Background: Left ventricular ejection fraction (LVEF) represents the most used measure of cardiac systolic function. Different cut-offs have been proposed to classify patients with systolic dysfunction, and to inform therapy decision-making. Methods: Consecutive outpatients with systolic heart failure (HF; LVEF <50%) were prospectively enrolled and underwent a baseline characterization. The prognostic value of LVEF and LVEF cut-offs was made with regards to the prediction of all-cause and cardiovascular death. Results: Out of 2160 patients, 71% had LVEF <40%, and 61% had ≤35%. Over a 26-month median follow-up (interquartile interval 12–39), patients with LVEF ≤35% (log-rank 31.11 and 59.48, respectively; both p < 0.001) and <40% (log-rank 24.51 and 41.77, respectively; both p < 0.001) had a significantly worse prognosis for all-cause and cardiovascular death. LVEF independently predicted both endpoints in a strong prognostic model including age, sex, ischaemic aetiology, N-terminal fraction of pro-B-type natriuretic peptide, New York Heart Association class III–IV, several comorbidities and therapies. Receiver operating characteristics curves identified LVEF values 32% and 31% as the best cut-offs for the two endpoints. The 40% and lower cut-offs (35%, 32% or 31%) were independent predictors of all-cause and cardiovascular death (p < 0.001 in all cases). The 35% cut-off had a lower Akaike's Information Criterion value than 40%, denoting more accurate risk stratification. Conclusions: LVEF is an independent predictor of all-cause and cardiovascular mortality in chronic systolic HF. The 35% LVEF cut-off displays a better combination of sensitivity and specificity than the 40% cut-off for outcome prediction, although both hold independent prognostic value.

Left ventricular ejection fraction for risk stratification in chronic systolic heart failure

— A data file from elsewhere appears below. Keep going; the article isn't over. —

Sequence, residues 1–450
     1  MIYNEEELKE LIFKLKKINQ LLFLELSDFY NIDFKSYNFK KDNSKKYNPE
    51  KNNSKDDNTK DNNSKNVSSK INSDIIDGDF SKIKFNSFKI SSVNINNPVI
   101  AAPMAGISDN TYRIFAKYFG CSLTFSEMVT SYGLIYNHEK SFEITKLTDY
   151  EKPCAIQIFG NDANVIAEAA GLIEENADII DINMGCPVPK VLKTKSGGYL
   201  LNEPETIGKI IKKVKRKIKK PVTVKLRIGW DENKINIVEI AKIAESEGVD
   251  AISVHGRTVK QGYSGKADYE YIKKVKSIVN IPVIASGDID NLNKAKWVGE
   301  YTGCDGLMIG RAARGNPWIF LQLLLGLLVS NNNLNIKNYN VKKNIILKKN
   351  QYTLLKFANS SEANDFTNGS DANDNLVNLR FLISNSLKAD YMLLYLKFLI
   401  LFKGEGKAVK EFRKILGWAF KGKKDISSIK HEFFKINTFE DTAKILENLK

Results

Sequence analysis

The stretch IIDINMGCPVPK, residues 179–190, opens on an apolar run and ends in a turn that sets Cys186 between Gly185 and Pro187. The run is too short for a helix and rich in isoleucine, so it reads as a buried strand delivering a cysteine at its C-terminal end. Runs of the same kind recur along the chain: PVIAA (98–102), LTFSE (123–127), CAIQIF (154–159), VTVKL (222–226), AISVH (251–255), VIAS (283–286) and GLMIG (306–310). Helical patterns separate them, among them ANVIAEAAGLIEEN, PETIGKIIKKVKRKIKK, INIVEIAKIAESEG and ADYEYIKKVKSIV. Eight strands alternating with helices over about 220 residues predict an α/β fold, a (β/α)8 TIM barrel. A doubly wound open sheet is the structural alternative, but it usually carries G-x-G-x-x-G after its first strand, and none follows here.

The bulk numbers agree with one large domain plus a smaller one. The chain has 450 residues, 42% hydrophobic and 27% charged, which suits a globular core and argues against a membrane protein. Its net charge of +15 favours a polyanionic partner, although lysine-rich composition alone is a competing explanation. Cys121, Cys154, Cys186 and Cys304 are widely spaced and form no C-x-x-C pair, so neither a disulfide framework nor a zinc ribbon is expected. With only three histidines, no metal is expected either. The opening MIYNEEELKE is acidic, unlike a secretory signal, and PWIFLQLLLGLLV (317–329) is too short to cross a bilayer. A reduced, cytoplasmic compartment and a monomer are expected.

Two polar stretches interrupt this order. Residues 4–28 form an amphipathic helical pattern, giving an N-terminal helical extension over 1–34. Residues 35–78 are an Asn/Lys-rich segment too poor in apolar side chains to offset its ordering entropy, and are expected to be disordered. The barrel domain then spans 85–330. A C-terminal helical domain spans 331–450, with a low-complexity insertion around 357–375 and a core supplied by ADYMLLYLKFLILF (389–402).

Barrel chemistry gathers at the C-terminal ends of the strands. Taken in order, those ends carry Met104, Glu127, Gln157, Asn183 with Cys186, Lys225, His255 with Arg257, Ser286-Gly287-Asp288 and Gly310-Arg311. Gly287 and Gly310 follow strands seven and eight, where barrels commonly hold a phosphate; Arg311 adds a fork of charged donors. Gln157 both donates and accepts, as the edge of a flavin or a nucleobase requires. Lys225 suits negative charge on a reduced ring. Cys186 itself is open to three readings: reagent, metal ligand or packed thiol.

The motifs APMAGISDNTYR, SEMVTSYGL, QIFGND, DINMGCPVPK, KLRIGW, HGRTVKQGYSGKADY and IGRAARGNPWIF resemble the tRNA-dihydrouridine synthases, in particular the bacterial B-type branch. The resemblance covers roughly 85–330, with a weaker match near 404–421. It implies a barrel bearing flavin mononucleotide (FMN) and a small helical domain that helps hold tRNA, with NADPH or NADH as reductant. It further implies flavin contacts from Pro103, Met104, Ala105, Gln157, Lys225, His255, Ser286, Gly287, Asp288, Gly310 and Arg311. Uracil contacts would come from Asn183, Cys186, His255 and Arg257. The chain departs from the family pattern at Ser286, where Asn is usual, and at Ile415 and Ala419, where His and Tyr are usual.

Aimo, Alberto;Vergaro, Giuseppe;Passino, Claudio;Emdin, Michele
2018

Abstract

Background: Left ventricular ejection fraction (LVEF) represents the most used measure of cardiac systolic function. Different cut-offs have been proposed to classify patients with systolic dysfunction, and to inform therapy decision-making. Methods: Consecutive outpatients with systolic heart failure (HF; LVEF <50%) were prospectively enrolled and underwent a baseline characterization. The prognostic value of LVEF and LVEF cut-offs was made with regards to the prediction of all-cause and cardiovascular death. Results: Out of 2160 patients, 71% had LVEF <40%, and 61% had ≤35%. Over a 26-month median follow-up (interquartile interval 12–39), patients with LVEF ≤35% (log-rank 31.11 and 59.48, respectively; both p < 0.001) and <40% (log-rank 24.51 and 41.77, respectively; both p < 0.001) had a significantly worse prognosis for all-cause and cardiovascular death. LVEF independently predicted both endpoints in a strong prognostic model including age, sex, ischaemic aetiology, N-terminal fraction of pro-B-type natriuretic peptide, New York Heart Association class III–IV, several comorbidities and therapies. Receiver operating characteristics curves identified LVEF values 32% and 31% as the best cut-offs for the two endpoints. The 40% and lower cut-offs (35%, 32% or 31%) were independent predictors of all-cause and cardiovascular death (p < 0.001 in all cases). The 35% cut-off had a lower Akaike's Information Criterion value than 40%, denoting more accurate risk stratification. Conclusions: LVEF is an independent predictor of all-cause and cardiovascular mortality in chronic systolic HF. The 35% LVEF cut-off displays a better combination of sensitivity and specificity than the 40% cut-off for outcome prediction, although both hold independent prognostic value.
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Utilizza questo identificativo per citare o creare un link a questo documento: https://hdl.handle.net/11382/525029
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